A push poll is a type of survey designed to persuade or influence the participant into changing their viewpoint on an issue. It is often used as a political strategy to lead voters in a certain direction. A few months ago Gilbert Unified School District hired WestGroup Research to survey approximately 600 Gilbert residents. The survey asked participants for their opinions regarding whether or not there is responsible use of tax dollars, year round scheduling, technology use, parent involvement, school safety and several other topics.
Two specific questions targeted the upcoming budget limit increase set to appear on the ballot in the November general election. Several residents recognized these questions as a hidden political push poll buried in an otherwise legitimate survey. These questions related to the budget limit increase or override were asked as follows;
“The district governing board may call for a maintenance and operations override on the November 2012 ballot. The override would be a continuance of the override passed in 2007 and would provide funding to allow the district to exceed state allocation by up to 10% for operational costs. How likely would you be to support an override election to help the district better cover its operational costs? Please use a 1 to 5 scale where 1 means not at all supportive and 5 means very supportive.
If the budget override does not pass, the budget will need to be reduced by $5.8 million per year over three years for a total reduction of $17.6 million. The result of these cuts will be felt in increased class size, increased fees, and cuts to programs and services. Knowing this information are you (a) more likely to support the override, (b) less likely to support the override, (c) or does this information have no impact on your support for the override.”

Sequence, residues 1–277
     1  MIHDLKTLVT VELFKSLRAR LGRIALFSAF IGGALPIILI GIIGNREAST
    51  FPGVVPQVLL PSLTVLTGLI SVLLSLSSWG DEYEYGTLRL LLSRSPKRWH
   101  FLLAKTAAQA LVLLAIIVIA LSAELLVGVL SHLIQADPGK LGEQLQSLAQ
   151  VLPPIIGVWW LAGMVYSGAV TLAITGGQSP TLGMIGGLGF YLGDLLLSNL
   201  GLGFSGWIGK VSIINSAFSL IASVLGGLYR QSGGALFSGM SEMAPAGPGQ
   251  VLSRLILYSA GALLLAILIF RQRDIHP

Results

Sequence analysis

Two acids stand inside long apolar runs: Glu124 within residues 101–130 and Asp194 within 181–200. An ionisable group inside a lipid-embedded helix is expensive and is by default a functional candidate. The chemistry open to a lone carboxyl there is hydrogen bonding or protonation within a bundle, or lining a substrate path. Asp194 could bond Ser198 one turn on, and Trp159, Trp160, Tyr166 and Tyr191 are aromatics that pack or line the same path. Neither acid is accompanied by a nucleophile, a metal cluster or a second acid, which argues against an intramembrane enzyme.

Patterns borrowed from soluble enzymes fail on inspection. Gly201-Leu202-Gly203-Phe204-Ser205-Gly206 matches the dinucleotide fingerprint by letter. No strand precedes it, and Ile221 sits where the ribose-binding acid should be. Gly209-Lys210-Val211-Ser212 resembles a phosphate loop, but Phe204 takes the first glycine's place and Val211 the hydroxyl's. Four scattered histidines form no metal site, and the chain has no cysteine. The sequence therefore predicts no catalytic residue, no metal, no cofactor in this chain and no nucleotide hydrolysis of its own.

The second question was asked if the survey respondent answered they would not vote for an override or budget limit increase or if the respondent indicated that they were unsure how they would vote. Given the persuasive nature of the second question, several residents argue that conducting the survey as a push poll will invariably yield inaccurate or exaggerated results in favor of the override.
As a political strategy, the intent is often to cause voters or the general public to believe that there is more support in favor of a candidate or issue than there is. The voters who are unsure and would prefer to vote in favor of a winning candidate or ballot measure will be then persuaded by the intentionally false numbers to vote in favor.
Other school districts such as Paradise Valley and Cave Creek Unified tried similar tactics last year. Paradise Valley Unified School District conducted a similar survey that revealed 79% of the 400 voters surveyed said they would support the override or budget limit increase. However, in November the PVUSD override was defeated by voters. Cave Creek also presented survey results that residents recognized as a push poll also. The Cave Creek survey revealed that 66% of voters said they would vote in favor of the increase. However, last November the CCUSD override was defeated with 56% of the voters opposing the effort. Therefore the exaggerated survey result of 66%, which claimed to have a margin of error of 5% according to Sonoran News, was off the mark by 22%.
Gilbert residents are encouraged to attend a work study this Tuesday August 21st at 6pm. There will be a presentation of the survey results. All community members are welcome to ask questions or comment regarding the survey. The meeting will be held at 140 S. Gilbert Road, Gilbert, Arizona, administrative complex located on the southwest corner of Gilbert Road and Elliot.